End-of-life vehicles are not waste – they are assets.

Navigating different auto recycling ecosystems

There are essentially two types of auto recyclers out there, but a lot of overlap exists between the two, and even within a business, as the price of scrap, vehicles, and their parts fluctuates.

There are businesses that look at ELVs as a collection of parts that can be reused, with a bit of material (almost exclusively metals) that can be recovered profitably. The other class of business is one that looks at an ELV as just a collection of materials – again, almost exclusively metals, and they do not have the capacity, knowledge, or plans to sell parts.

The Automotive Recyclers of Canada (ARC) and its members operate in the first category – as dismantlers of ELVs and parts sellers. Many members of the Canadian Association of Recycling Industries (CARI) operate in the second category – scrap buyers, processors, and shredders. And, of course, lots of businesses do both, and buy and sell amongst the different types of businesses, for added complexity.

In Canada, those auto recycling ecosystems are largely left on their own when it comes to direct government intervention, which is not always the case in other countries. And, like many sectors that have gone unregulated, there is a significant underground economy in the auto recycling field with unlicensed businesses and individuals operating without regard for taxation, health and safety, theft, the environment, etc.

For both auto dismantlers and scrap processors, they work off of a simple calculus when it comes to ELVs: can they generate enough revenue (parts and materials) to pay for the ELV and any transportation back to the processing facility (if it isn’t delivered), and pay for the appropriate level of preparation of the vehicle (i.e., de-pollution, VIN de-registration) so those parts and materials can be removed, stored, sold, and shipped profitably, while simultaneously investing in people, training, equipment, reporting, etc.?

It’s a simple calculus, but there are a myriad of ways to manage revenues and expenses – and plenty of ways that it can go wrong.

You can’t talk about the state of the industry without looking at the impact of the pandemic. Most auto recyclers remained open during shutdowns, as they are deemed essential businesses in their role as part of the automotive repair supply chain. Many pivoted to online and curbside pickup, with the restrictions accelerating trends towards digitization of their parts inventories, more online sales and marketing, and an understanding that a clean, professional presentation is mandatory these days.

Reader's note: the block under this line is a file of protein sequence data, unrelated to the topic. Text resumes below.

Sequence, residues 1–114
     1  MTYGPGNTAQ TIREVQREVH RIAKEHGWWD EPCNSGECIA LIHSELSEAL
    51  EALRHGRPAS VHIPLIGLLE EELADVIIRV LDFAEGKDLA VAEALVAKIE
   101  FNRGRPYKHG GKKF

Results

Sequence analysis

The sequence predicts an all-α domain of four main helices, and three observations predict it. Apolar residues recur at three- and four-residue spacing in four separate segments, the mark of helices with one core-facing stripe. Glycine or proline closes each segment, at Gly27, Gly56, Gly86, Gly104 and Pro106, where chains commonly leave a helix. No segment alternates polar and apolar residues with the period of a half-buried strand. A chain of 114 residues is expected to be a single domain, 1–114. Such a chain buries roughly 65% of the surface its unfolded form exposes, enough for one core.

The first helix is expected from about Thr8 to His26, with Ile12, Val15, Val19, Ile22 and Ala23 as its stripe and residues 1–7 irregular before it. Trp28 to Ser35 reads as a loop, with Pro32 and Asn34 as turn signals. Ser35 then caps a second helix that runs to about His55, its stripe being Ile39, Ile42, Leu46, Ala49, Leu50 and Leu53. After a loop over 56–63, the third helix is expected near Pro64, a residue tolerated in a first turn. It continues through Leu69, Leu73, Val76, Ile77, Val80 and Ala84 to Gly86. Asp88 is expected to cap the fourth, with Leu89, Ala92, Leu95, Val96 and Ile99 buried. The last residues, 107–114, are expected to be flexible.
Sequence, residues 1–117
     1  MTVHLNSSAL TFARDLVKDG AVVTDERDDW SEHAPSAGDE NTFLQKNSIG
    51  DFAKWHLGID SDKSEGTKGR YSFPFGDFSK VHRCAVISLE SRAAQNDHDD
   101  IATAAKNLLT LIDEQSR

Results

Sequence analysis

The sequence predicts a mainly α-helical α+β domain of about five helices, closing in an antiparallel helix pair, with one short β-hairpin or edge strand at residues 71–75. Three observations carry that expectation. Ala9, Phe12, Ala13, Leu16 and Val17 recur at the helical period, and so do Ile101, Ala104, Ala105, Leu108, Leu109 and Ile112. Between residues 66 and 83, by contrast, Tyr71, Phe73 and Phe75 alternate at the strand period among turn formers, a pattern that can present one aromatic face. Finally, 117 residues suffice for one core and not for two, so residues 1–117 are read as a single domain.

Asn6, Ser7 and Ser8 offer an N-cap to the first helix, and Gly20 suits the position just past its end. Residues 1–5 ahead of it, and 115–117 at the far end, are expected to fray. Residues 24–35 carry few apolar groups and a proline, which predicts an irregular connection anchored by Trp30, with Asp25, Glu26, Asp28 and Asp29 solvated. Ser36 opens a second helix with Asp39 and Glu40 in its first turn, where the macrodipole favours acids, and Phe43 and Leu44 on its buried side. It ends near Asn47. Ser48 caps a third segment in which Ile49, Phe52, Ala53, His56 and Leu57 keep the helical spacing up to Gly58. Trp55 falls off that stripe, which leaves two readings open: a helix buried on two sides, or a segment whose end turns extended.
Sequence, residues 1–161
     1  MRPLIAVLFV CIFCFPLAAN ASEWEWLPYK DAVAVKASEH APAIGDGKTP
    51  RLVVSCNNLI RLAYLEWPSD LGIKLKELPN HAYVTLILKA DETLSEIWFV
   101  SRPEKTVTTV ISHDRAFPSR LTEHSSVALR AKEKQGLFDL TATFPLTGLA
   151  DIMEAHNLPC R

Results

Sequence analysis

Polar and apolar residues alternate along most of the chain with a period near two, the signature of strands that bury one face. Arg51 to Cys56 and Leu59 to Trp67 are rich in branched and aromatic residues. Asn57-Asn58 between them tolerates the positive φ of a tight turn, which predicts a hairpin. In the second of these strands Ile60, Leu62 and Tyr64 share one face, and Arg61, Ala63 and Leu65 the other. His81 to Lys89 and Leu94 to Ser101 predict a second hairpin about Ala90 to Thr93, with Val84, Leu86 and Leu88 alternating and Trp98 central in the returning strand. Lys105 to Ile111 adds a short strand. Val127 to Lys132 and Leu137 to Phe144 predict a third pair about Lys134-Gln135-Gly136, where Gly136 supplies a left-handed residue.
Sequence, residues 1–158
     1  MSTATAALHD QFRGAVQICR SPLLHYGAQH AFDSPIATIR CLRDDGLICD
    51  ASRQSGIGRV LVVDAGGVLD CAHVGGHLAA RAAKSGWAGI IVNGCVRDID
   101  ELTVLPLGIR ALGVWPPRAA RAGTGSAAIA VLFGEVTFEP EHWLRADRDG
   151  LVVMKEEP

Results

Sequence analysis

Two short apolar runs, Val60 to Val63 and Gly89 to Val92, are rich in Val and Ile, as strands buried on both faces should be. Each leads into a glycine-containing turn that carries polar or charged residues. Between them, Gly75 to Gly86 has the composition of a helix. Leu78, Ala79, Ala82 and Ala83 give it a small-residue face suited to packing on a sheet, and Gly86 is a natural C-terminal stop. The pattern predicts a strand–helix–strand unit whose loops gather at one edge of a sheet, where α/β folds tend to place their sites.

The following issues or trends had a positive impact on the auto recycling industry: supply chain disruptions and delays for new and aftermarket parts; vehicle owners needing/wanting to hold on to their vehicles longer; and robust and sustained scrap prices including enormous increases in the platinum group metals within catalytic converters.

Let’s look at them individually, but also how they interact with one another.

Local supply chains became all the rage during the pandemic – the closer suppliers and buyers are to one another the less likely that borders, distance, and cost play a role in selecting a part. Recycled auto parts from local vehicles are always locally available. More and more repairers, insurers, consumers, and even dealers turned to local auto recyclers as sometimes the only suppliers of parts that were suddenly held up in the supply chain.

As vehicle owners held on to their vehicles longer due to economic uncertainty or the cost and availability of a suitable replacement vehicle, they became much more interested in repairing their older vehicle – and auto recyclers were once again sometimes the only suppliers of those parts.

High and sustained scrap prices, both in the ferrous, non-ferrous, and platinum group metals generally reward both the dismantler and the scrap processor. High prices aren’t always a good thing for the entire scrap supply chain, but relatively consistent prices are – and given the global stops, starts, and uncertainty, metal price fluctuations have not been as dramatic as they could have been.

The dramatic rise in the platinum group metals within catalytic converters is another story. These huge gains have brought unprecedented catalytic converter theft and ensuing attention from the media, law enforcement, and governments at all levels. More and more vehicles are showing up at auto recyclers and scrap processors without the catalytic converter in place, and this dramatically changes the economics of successfully processing that vehicle. 

Governments have tried to crack down on this illegal activity by putting increasingly stringent requirements on scrap buyers – they must understand who they are buying from, where that catalytic converter may have come from, and not aid and abet the underground economy. That is a story that has still not played out.